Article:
Though Mark Twain's book Adventures of Huckleberry Finn has been a catalyst for heated PTA meetings, classroom protests and the occasional fistfight, a revival of the musical version, Big River: The Adventures of Huckleberry Finn, tries its darnedest to bring people together. Both tell the now well-worn story of young Huck Finn (the prototypical rebel without a cause), his friend Jim (a runaway slave) and their journey down the Mississippi River toward freedom. This version, Deaf West Theatre's revival of the 1985 original, played Broadway and won seven Tony Awards in what was considered to be a weak year. But, more important, it approaches the oft-bromidic original in a new and inclusive way: by using deaf, hard-of-hearing and hearing actors.
Theatrical experiences, especially those of the musical variety, are often muddled--if not completely inaccessible--for those with hearing problems. But this Big River attempts to provide a show that deaf and hard-of-hearing audiences can enjoy just as much as their hearing compatriots, weaving together spoken English, American Sign Language, music, dance and other storytelling techniques.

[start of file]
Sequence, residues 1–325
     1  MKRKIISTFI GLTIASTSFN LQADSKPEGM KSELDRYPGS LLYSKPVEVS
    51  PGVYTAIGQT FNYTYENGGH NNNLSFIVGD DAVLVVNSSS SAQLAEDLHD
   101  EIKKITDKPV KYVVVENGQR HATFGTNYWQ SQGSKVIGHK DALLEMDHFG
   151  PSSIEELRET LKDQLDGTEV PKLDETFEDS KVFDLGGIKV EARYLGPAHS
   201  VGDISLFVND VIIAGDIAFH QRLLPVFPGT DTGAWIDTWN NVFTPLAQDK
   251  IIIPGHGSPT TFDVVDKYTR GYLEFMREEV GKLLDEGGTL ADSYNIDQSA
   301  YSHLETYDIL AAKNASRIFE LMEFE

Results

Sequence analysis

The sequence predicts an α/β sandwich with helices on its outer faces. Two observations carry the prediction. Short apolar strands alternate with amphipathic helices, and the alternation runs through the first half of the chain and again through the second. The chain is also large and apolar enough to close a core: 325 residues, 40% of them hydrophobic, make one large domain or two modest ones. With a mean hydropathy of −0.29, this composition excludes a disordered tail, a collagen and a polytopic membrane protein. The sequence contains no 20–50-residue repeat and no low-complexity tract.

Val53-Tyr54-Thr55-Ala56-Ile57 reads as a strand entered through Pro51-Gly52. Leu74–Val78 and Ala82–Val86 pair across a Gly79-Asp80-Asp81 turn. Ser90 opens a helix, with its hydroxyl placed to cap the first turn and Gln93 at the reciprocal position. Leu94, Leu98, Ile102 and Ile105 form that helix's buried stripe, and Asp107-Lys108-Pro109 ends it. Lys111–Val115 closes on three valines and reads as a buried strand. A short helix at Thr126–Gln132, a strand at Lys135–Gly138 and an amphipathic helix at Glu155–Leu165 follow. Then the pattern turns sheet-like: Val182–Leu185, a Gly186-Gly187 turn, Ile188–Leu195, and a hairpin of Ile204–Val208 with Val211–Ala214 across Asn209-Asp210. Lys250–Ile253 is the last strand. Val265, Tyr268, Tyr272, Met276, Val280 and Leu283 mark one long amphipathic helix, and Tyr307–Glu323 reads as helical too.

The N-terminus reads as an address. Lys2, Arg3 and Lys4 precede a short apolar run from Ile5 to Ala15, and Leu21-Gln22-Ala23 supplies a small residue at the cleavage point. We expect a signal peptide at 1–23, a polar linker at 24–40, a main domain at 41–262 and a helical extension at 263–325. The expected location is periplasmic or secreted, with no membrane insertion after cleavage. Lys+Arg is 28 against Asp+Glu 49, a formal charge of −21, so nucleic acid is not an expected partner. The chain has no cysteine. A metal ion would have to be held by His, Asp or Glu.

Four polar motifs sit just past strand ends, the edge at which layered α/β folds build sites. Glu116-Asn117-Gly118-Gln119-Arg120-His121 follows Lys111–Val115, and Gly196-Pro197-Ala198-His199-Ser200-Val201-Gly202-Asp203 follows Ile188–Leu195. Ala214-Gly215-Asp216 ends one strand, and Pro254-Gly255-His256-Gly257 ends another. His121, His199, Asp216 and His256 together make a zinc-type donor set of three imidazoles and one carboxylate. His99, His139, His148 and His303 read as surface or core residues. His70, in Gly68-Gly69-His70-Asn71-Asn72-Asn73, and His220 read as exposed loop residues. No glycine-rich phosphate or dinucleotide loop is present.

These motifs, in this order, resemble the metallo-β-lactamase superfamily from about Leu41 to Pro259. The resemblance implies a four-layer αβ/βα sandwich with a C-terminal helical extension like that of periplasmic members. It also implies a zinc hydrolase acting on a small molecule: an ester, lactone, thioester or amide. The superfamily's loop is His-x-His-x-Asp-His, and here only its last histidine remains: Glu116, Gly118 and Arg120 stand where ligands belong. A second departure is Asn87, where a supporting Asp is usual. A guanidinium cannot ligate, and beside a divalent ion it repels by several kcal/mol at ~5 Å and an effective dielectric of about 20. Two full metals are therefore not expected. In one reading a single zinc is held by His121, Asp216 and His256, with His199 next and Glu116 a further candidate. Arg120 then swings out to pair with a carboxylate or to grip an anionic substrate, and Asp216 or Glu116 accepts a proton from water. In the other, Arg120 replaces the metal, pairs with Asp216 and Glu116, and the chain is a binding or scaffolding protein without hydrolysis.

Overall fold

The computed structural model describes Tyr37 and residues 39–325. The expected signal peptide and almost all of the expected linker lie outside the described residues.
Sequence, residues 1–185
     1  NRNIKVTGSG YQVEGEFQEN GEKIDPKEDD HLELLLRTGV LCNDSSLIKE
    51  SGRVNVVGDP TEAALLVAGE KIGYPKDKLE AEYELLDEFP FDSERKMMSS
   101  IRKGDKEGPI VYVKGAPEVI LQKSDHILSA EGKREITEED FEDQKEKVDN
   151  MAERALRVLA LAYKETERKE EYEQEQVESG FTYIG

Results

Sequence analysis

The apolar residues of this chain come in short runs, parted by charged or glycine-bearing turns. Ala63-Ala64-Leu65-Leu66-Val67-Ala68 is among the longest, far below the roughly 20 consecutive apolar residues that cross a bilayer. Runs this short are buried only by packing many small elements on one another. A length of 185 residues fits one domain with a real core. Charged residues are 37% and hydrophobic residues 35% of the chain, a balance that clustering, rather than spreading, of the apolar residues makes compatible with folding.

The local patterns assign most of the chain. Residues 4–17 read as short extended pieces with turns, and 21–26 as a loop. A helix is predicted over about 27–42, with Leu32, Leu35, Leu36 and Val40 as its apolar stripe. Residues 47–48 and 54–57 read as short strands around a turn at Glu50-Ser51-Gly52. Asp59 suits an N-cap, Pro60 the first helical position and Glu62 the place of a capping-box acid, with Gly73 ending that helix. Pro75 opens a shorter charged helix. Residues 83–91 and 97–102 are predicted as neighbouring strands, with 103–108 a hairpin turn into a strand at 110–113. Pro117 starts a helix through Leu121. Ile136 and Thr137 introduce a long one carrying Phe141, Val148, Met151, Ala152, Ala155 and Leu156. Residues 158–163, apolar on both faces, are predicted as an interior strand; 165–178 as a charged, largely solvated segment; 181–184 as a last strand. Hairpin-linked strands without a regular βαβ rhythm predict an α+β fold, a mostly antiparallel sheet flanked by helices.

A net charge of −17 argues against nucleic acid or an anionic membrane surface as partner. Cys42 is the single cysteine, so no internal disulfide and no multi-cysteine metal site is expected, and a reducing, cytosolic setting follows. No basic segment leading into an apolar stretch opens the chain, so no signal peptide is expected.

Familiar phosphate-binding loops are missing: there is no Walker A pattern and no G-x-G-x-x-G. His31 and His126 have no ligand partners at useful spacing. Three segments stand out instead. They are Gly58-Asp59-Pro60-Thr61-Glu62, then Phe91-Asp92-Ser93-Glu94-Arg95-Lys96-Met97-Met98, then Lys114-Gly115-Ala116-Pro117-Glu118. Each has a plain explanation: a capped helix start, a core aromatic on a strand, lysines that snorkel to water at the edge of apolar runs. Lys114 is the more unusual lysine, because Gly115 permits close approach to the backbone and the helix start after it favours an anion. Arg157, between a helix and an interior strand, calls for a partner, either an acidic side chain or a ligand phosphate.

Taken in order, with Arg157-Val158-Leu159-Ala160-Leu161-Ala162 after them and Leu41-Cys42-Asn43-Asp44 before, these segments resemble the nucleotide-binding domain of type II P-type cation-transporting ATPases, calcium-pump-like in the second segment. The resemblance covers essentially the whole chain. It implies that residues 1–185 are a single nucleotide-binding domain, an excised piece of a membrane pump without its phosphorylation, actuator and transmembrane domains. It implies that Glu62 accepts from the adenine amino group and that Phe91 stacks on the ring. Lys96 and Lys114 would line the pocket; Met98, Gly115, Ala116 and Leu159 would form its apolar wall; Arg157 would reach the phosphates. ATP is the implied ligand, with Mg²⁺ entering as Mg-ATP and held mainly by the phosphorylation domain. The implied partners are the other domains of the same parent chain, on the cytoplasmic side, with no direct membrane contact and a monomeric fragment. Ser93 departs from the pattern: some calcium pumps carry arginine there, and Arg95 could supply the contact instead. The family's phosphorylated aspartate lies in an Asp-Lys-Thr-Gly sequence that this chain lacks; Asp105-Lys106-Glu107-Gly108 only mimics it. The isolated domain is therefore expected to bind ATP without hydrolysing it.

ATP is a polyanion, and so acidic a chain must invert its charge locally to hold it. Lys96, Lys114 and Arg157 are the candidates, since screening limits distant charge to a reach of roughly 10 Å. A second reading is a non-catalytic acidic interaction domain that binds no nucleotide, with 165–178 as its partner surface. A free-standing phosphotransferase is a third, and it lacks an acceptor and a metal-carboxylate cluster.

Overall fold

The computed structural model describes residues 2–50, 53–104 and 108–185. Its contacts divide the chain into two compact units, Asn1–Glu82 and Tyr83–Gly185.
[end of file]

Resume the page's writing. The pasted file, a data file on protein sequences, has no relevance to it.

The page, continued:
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Rather than sticking a sign language interpreter on the side of the stage as most shows do during special designed-for-the-deaf performances, Big River makes sign language part of the show, thematically, symbolically and, well, really coolly. All songs are sung as well as signed. The role of Huck Finn is played by deaf actor Tyrone Giordano, who also performed the role during the show's 2003 Broadway revival. At the times when Huck would normally be singing or speaking, Giordano signs his words while Daniel Jenkins, playing the author-turned-narrator Mark Twain, gives them voice. The melding of singing and signing is even used to demonstrate aspects of the characters themselves. Pap, Huck's abusive drunkard of a father, is played by two perfectly synchronized men--one signing, one singing--a tactic that provides a visual representation of the duality of the character's nature. And whether intentionally or not, Big River's depiction of the relationship between a white boy and a black man can be seen as a metaphor for communication between the hearing and deaf worlds: difficult, but not impossible. Nothing like some good Sesame Street-esque moral inferences to whet your appetite for a night at the theater.